Objectives: Few pediatric data on phenotypic aspects of eosinophilic esophagitis (EoE) are available. The pEEr registry was developed to prospectively characterize children with EoE from Europe and Israel. Methods: pEEr is an ongoing prospective registry enrolling children with esophageal eosinophilia (≥15 eos/HPF). Anonymized data were collected from 19 pediatric centers. Data regarding demographics, clinical manifestations, endoscopy, histology, and therapies were collected. Results: A total of 582 subjects (61% male) were analyzed. The median age at diagnosis was 10.5 years [interquartile range (IQR): 5.7-17.7], whereas the age at symptom onset was 9.2 years (IQR: 4.3-16.4), resulting in a median diagnostic delay of 1.2 years (IQR: 0.7-2.3). The diagnostic delay was longer below age <6 years. Shorter diagnostic delays were associated with the presence of food allergy or a family history for EoE. Symptoms varied by age with dysphagia and food impaction more common in adolescents, while vomiting and failure to thrive more common in younger children (P < 0.001). Among endoscopic findings, esophageal rings were more common in adolescents, whereas exudates were more frequent in younger children(P < 0.001). Patients who responded to proton pump inhibitors (PPIs) were more likely to be older, males, and less often presented severe endoscopic findings. Patients unresponsive to PPIs received topical steroids (40%), elimination diet (41%), or a combined therapy (19%). Conclusions: EoE findings vary according to age in pediatric EoE. Young children are commonly characterized by non-specific symptoms, atopic dermatitis, food allergy, and inflammatory endoscopic lesions. Adolescents usually have dysphagia or food impaction, fibrostenotic lesions, and a better PPI response.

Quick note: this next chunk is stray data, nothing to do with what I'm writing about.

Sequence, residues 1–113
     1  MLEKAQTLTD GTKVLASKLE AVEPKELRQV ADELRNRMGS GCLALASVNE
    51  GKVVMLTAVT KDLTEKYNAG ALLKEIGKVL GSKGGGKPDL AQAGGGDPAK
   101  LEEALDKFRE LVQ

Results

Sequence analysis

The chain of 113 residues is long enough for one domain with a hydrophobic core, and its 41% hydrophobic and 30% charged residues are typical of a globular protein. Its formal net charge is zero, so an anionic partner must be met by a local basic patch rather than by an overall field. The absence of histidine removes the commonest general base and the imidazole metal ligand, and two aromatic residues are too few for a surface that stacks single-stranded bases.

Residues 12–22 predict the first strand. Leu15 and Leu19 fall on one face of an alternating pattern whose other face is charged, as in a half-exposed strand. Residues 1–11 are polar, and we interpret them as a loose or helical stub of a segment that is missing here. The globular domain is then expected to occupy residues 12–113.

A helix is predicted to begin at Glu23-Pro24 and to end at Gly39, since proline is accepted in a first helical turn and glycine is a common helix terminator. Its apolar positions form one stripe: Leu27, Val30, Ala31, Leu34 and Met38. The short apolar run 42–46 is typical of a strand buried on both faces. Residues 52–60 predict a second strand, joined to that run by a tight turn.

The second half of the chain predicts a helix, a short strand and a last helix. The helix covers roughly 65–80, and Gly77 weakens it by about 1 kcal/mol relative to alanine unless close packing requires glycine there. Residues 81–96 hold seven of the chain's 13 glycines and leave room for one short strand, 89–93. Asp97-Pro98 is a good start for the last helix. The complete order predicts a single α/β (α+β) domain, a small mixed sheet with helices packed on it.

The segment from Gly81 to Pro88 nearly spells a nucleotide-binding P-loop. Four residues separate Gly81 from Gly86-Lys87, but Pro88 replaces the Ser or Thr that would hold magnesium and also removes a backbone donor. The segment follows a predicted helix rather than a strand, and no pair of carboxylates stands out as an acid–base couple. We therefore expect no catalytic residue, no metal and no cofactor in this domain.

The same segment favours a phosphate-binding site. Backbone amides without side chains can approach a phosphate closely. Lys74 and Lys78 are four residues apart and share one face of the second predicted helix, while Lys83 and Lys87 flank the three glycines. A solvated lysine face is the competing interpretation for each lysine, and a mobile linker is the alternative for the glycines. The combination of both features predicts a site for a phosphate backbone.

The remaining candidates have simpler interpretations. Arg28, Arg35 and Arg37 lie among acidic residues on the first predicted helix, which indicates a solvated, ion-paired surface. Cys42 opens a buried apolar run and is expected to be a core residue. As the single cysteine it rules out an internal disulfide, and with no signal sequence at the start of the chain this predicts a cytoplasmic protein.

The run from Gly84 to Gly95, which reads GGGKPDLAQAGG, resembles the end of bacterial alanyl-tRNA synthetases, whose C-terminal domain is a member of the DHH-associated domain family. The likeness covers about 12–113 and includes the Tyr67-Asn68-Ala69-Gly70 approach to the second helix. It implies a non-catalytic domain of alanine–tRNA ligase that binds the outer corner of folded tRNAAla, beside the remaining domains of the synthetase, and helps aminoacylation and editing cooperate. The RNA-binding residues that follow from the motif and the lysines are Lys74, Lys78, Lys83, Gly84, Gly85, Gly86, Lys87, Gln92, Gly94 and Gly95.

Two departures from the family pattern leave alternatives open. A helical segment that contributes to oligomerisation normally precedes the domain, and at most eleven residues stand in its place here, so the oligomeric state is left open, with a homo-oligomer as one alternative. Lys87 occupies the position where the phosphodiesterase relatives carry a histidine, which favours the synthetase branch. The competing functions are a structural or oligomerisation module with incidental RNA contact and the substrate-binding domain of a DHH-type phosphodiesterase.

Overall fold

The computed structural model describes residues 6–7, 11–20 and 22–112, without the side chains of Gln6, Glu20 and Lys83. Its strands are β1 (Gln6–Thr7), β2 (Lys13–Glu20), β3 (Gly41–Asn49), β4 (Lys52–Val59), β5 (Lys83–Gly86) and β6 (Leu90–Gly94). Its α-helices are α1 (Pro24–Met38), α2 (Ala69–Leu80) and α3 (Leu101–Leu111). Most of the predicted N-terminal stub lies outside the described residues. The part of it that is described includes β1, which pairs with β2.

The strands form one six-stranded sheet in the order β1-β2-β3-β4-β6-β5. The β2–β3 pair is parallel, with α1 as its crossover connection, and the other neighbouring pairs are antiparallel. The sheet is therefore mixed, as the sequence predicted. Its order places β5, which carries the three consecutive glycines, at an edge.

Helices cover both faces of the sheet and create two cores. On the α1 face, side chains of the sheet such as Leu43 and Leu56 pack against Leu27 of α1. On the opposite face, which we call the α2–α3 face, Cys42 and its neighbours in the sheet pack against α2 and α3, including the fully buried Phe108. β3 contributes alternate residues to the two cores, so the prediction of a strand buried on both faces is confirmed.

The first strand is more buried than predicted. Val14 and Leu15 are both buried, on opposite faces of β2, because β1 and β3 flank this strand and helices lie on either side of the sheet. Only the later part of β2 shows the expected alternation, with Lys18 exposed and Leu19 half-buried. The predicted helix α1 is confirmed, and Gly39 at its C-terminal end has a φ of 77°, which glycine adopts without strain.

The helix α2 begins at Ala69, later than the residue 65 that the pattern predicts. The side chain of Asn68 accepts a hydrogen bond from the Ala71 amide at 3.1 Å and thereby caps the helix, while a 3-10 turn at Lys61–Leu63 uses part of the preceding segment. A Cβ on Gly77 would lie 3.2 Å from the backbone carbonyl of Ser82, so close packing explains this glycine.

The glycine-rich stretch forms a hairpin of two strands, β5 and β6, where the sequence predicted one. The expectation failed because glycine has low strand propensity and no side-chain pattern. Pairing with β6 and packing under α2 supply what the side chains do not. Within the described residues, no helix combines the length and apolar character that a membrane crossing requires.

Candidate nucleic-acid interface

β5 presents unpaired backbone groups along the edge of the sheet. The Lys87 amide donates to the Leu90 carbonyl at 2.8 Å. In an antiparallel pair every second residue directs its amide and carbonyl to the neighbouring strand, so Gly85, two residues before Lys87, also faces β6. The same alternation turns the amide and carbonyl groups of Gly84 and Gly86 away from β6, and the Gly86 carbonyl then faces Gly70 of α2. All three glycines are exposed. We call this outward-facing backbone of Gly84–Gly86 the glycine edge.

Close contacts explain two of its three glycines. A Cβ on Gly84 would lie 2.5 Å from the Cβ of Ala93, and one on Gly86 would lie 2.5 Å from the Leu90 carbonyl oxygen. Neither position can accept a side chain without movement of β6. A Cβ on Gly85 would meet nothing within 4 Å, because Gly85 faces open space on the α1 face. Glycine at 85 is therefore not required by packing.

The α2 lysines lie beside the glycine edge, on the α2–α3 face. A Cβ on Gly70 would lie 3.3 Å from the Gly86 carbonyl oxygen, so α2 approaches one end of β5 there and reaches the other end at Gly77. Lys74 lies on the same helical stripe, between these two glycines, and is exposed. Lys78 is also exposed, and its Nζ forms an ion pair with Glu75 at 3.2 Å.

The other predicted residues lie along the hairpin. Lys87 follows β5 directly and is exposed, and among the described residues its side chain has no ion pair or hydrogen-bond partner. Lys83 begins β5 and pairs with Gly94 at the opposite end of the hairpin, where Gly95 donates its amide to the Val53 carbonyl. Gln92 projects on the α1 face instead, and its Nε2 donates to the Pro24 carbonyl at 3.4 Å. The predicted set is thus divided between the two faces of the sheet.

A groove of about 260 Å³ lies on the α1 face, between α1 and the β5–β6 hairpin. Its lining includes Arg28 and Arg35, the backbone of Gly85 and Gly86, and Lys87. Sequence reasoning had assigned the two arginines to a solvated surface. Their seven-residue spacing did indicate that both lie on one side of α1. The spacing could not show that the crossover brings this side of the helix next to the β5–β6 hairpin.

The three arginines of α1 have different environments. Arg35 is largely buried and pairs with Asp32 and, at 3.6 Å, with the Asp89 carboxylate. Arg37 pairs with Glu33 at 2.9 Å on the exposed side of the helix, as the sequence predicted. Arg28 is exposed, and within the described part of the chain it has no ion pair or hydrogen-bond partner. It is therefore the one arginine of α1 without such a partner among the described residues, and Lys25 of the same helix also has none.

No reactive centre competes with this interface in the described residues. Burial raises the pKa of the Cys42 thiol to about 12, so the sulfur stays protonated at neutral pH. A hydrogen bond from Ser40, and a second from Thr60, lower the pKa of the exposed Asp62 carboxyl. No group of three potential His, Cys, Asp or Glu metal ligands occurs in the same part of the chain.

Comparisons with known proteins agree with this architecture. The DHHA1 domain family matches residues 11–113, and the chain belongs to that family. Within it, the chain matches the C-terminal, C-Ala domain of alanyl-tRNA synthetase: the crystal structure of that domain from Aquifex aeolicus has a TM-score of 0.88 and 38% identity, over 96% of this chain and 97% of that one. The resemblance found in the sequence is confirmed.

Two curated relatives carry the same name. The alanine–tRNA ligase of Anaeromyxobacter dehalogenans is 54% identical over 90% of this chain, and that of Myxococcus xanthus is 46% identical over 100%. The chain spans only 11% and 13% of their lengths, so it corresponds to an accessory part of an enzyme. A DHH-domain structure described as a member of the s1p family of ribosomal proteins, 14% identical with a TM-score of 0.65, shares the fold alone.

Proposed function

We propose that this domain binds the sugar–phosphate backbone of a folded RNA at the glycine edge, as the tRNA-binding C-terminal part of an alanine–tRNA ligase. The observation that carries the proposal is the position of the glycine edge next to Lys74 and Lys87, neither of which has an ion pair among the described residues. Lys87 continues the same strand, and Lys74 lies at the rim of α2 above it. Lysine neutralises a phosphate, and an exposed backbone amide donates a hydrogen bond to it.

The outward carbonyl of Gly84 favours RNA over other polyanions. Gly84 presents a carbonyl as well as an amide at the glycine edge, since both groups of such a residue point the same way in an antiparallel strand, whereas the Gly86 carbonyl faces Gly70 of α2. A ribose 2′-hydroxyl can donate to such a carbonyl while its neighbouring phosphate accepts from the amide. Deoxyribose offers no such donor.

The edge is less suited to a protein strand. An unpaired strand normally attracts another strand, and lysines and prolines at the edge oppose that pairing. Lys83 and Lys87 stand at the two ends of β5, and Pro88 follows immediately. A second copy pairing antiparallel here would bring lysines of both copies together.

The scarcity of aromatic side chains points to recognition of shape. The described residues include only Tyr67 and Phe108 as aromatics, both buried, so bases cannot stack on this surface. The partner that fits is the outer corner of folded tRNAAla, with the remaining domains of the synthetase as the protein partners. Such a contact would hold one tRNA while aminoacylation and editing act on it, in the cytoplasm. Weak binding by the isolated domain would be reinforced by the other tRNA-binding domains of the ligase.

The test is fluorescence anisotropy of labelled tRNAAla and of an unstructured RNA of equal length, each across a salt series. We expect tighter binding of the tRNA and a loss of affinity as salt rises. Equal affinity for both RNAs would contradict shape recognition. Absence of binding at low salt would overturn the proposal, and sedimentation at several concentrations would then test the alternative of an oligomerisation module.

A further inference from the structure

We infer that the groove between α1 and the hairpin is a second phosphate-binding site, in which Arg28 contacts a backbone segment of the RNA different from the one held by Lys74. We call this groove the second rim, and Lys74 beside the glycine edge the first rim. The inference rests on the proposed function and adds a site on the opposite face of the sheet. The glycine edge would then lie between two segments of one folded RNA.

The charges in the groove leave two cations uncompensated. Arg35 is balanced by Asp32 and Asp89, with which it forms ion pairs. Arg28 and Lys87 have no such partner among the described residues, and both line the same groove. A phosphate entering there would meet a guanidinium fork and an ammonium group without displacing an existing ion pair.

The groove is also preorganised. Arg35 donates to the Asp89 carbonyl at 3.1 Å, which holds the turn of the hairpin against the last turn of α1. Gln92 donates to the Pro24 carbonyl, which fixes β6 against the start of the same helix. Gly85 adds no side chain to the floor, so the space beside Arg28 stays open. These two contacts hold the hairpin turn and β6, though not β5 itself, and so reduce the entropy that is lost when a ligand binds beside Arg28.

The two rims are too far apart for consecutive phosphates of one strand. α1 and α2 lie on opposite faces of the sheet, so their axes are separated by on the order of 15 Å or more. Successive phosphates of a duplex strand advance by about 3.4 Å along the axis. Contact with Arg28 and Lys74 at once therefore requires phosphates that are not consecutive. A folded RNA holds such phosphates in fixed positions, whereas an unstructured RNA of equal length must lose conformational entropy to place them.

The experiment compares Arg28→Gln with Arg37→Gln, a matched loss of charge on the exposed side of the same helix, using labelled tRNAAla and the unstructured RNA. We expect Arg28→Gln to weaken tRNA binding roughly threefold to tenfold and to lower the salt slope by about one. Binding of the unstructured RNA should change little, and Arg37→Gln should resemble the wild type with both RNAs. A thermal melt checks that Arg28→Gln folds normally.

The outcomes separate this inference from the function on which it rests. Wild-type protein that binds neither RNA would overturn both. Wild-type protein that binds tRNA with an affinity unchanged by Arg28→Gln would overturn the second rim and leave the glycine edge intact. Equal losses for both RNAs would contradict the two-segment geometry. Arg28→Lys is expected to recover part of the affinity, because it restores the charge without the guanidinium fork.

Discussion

|Number of pages||9|
|Journal||Journal of Pediatric Gastroenterology and Nutrition|
|State||Published - 1 Sep 2022|
- elimination diets
- eosinophilic esophagitis
- proton pump inhibitor
- topical corticosteroids